[Original caption] A Street Scene, Delhi. This great native city is one of the most fascinating and historic places of the East.
Mortimer Menpes (1860–1938) was an Australian painter close to the exiled American James MacNeil Whistler (1834–1903). Whistler was the most admired painter in the English-speaking world at the time, a man who promoted the credo of “art for art’s sake.” Menpes once ran a printing press for Whistler, and shared the older man’s fascination with all things Japanese, often scrimmaging through European markets for special Japanese papers on his behalf. Menpes was very familiar with the printing process. Like Dhurandhar, his images were also used in books like the illustrated volume Darbar (1903) which he co-wrote with his daughter Dorothy. This book included about 100 prints from his paintings, a dozen of which were selected for publicity postcards by the publisher A. & C. Black & Co. of London. Tuck's also produced two series of postcards based on his paintings during his 1902-03 visit to India. Menpes postcards are among the best Western artist-signed postcards of India.
Mortimer Menpes versatility as an artist in command of color and line is manifest in a 12 card series he did for Tuck's. Menpes was one of the few signed India postcard artists to supply more than one publisher.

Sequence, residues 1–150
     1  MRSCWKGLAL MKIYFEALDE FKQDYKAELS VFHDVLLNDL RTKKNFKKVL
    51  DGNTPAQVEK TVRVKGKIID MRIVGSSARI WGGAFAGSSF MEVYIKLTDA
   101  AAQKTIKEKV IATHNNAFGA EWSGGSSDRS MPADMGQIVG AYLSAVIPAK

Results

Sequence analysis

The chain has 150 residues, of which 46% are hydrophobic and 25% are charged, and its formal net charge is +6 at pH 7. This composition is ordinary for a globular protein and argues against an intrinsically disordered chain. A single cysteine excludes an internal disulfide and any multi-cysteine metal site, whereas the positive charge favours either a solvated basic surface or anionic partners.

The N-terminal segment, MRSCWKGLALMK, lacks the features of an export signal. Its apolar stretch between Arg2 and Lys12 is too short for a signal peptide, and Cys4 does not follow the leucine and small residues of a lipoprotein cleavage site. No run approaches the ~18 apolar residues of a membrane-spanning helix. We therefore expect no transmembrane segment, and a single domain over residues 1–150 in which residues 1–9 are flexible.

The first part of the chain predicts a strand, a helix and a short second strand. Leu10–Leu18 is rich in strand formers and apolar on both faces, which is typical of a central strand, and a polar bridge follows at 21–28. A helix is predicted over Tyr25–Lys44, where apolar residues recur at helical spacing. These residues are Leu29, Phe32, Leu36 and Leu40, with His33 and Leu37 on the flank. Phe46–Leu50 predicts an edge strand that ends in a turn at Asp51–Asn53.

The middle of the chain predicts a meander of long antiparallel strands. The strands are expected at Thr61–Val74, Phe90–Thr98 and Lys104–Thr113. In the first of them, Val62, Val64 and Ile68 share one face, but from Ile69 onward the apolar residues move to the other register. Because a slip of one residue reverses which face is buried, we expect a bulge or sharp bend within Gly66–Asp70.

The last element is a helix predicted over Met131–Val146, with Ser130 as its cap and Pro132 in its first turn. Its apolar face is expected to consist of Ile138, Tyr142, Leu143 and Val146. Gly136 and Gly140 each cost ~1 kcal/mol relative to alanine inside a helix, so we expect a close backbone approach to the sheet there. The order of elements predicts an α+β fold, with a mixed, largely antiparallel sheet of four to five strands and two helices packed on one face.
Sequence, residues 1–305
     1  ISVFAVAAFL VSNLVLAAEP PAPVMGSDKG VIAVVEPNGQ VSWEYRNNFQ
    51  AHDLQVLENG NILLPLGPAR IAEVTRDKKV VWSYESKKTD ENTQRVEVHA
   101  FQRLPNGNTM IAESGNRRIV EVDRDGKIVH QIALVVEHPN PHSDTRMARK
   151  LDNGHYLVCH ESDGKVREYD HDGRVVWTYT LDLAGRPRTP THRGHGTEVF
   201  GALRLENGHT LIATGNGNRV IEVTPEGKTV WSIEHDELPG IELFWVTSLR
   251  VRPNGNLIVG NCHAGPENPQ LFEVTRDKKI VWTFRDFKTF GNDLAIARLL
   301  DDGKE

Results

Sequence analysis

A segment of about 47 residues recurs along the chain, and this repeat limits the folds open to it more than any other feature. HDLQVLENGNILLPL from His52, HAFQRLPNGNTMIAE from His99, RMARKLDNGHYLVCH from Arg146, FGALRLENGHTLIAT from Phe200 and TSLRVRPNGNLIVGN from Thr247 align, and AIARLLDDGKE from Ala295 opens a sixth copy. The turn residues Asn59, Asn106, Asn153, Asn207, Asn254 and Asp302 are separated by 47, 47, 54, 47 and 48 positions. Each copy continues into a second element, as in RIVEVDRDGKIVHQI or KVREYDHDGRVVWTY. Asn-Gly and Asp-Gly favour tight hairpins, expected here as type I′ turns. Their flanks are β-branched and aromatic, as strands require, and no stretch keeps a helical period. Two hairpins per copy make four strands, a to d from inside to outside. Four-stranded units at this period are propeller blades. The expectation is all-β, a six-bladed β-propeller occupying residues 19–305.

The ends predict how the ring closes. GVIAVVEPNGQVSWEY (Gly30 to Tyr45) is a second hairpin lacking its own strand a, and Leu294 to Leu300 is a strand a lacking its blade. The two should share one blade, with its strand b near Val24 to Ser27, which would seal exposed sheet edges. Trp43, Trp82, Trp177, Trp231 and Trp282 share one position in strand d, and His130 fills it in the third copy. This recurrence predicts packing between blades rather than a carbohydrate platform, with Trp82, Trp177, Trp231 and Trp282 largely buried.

[Original caption] A Street Scene,
[Original caption, Verso] “Watching the Pageant, Delhi. The great Delhi Durbar is known by means of the vernacular press to the inhabitants of the remotest parts of India.
[Original caption] A Belle of Northern India. The women of Delhi and district are, to Western eyes, rather more pleasing than those of many other parts of India.
A magnificent postcard by the Australian painter Mortimer Menpes (1860-1938), based on a visit to India he made for the 1903 Darbar. An ageing warrior is given life by dazzling colors.
Mortimer Menpes was prominent early 20th century painter who made a well-advertised painting trip to India in 1903 for the Delhi Darbar. This image was the first in the book The Darbar written with his daughter Dorothy Menpes (1903) who accompanied